Gary Graffman, Otto-Werner Mueller, and Riccardo Muti, April 6, 1987

Gary Graffman, Otto-Werner Mueller, and Riccardo Muti, April 6, 1987

Riccardo Muti was the first conductor to visit Curtis for a repertoire reading during Gary Graffman’s tenure as director. “This rehearsal marked a reestablishment of a warm relationship between the Curtis and the Philadelphia Orchestra,” according to Overtones. Muti rehearsed Beethoven’s Symphony No 5.

Gary Graffman, Otto-Werner Mueller, and Riccardo Muti, April 6, 1987
Mstislav Rostropovich rehearses the Curtis orchestra, April 1989

Mstislav Rostropovich rehearses the Curtis orchestra, April 1989

Mstislav Rostropovich rehearses the Curtis orchestra, April 1989
A reading with Wolfgang Sawallisch, January 28, 1991

A reading with Wolfgang Sawallisch, January 28, 1991

In 1991 Wolfgang Sawallisch, who would be director of the Philadelphia Orchestra from 1993 to 2003, worked with the Curtis orchestra for the first time. During this reading he rehearsed the orchestra in Dvořák’s Symphony No. 8. (View article about the visit in Overtones) [Photographer: Jean Brubaker]

A reading with Wolfgang Sawallisch, January 28, 1991
Andre Previn rehearses the orchestra with Gary Graffman, 1993

Andre Previn rehearses the orchestra with Gary Graffman, 1993

The rehearsal preceded the world premiere of Ned Rorem’s Piano Concerto No. 4 on February 4, 1993 at the Academy of Music and Carnegie Hall on February 4–5, 1993. Curtis commissioned this left-hand concerto from Ned Rorem (Composition ’44) for the school’s president, pianist Gary Graffman. (view article about the concert in Overtones) [Photographer: David Swanson]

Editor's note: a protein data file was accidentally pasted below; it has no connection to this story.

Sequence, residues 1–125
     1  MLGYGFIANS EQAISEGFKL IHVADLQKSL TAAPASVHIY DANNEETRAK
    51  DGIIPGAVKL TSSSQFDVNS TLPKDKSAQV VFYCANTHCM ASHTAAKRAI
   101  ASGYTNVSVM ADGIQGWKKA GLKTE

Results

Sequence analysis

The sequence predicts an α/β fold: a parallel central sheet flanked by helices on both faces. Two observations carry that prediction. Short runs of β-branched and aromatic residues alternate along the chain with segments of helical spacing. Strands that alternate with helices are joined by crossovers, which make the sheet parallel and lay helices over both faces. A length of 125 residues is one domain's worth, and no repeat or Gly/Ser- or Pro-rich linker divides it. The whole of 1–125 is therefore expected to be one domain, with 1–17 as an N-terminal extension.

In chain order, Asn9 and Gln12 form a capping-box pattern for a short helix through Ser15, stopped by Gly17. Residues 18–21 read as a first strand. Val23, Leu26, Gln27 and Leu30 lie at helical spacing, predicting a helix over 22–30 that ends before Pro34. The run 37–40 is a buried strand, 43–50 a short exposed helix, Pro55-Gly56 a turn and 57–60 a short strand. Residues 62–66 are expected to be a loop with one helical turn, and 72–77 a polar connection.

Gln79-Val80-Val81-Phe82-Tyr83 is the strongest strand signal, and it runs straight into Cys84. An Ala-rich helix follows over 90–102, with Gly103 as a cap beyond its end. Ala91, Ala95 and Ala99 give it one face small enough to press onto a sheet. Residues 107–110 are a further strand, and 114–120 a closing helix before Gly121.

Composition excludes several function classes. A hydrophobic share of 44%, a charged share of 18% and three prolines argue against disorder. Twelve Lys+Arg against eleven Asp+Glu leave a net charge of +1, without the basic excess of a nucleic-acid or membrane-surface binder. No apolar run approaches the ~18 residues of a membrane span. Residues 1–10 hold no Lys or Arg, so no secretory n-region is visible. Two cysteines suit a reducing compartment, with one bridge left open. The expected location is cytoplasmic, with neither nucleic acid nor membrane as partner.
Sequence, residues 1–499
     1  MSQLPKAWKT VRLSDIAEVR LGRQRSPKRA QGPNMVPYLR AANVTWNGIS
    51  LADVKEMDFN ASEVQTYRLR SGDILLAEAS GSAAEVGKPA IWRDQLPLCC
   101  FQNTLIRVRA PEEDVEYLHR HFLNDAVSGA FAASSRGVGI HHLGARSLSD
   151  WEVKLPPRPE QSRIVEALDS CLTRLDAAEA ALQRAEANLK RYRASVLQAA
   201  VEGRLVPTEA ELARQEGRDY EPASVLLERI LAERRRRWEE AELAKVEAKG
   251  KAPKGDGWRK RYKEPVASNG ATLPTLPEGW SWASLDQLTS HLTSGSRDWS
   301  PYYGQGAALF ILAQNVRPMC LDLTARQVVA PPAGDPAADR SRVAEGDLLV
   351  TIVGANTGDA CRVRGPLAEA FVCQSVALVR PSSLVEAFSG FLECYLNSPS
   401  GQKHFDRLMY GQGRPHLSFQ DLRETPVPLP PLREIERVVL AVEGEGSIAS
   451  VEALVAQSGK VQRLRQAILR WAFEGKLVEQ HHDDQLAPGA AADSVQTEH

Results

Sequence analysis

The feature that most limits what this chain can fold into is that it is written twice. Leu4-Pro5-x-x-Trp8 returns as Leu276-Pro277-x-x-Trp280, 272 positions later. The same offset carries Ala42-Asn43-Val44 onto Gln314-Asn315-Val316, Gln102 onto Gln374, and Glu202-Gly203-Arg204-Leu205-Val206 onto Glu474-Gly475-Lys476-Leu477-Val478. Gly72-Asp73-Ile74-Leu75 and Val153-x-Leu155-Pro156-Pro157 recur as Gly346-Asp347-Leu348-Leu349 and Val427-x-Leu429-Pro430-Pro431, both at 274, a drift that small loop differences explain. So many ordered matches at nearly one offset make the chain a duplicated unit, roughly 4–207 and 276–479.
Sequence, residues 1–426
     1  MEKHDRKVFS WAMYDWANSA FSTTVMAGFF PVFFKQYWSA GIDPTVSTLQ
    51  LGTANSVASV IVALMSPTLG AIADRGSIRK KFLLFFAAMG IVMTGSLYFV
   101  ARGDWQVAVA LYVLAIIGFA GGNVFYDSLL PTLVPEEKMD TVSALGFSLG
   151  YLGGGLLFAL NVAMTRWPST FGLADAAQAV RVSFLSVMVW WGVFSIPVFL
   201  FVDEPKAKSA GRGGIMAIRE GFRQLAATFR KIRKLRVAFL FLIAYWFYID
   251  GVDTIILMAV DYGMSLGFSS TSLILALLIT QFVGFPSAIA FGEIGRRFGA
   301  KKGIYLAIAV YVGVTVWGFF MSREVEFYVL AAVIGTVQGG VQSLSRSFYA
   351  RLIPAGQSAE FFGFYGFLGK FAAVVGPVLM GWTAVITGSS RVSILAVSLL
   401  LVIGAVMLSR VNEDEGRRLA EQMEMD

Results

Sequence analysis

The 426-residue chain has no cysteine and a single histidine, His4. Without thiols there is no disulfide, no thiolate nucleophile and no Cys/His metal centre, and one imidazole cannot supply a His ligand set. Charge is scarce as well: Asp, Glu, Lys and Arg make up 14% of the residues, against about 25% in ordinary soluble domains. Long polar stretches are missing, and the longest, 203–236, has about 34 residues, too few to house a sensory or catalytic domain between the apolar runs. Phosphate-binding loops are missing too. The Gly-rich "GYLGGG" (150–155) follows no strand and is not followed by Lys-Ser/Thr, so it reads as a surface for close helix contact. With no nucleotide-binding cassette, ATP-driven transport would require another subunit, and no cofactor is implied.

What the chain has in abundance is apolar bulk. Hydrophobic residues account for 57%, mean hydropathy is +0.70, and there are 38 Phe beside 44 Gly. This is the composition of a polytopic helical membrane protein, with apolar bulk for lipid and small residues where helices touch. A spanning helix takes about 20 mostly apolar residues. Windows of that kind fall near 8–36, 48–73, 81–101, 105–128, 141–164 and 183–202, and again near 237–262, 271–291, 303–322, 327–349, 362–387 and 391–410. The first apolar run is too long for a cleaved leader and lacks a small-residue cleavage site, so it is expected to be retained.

Andre Previn rehearses the orchestra with Gary Graffman, 1993
Simon Rattle during an orchestra reading, 1997

Simon Rattle during an orchestra reading, 1997

Rattle visited Curtis for an orchestra reading of Dvořák's Carnival Overture on November 1, 1997, when he was in Philadelphia for two series of concerts with the Philadelphia Orchestra. Rattle has worked with the orchestra several times; his most recent visit was in 2012. (View an audio slide show of the event; View article in Overtones) [photographer: Jean Brubaker]

Simon Rattle during an orchestra reading, 1997
Mueller instructing a conducting student during Lab Orchestra, 2006

Mueller instructing a conducting student during Lab Orchestra, 2006

During Lab Orchestra, conducting students led an orchestra of instrumental students who had to follow exactly what each young conductor communicated. The weekly two-hour sessions were videotaped. In this photograph Mueller is coaching Andrew Hauze (Conducting ’07). (View article about Mueller's conducting classes in Overtones, 2006.) [Photographer: John Paul Lacovara]

Mueller instructing a conducting student during Lab Orchestra, 2006
Christoph Eschenbach during Lab Orchestra, January 25, 2008

Christoph Eschenbach during Lab Orchestra, January 25, 2008

Christoph Eschenbach during Lab Orchestra, January 25, 2008

 

 

The next chapter

Curtis’s new conducting program, with Yannick Nézet-Séguin as mentor conductor, launches in the 2013–14 season—a new chapter in the history of conducting at Curtis and its longstanding relationship with the Philadelphia Orchestra. To read up on that history, come back to the Curtis Archives in 20 years. Or start following that history today!

 

DISCLAIMER: The images and documents in this exhibit are made available for purposes of education and research. The Curtis Archives has made every attempt to determine the copyright status of materials displayed, but due to the nature of archival materials we are not always able to identify this information. We are eager to hear from any rights owners, so that we may obtain accurate information. Upon request, we will remove material from public view while we address a rights issue.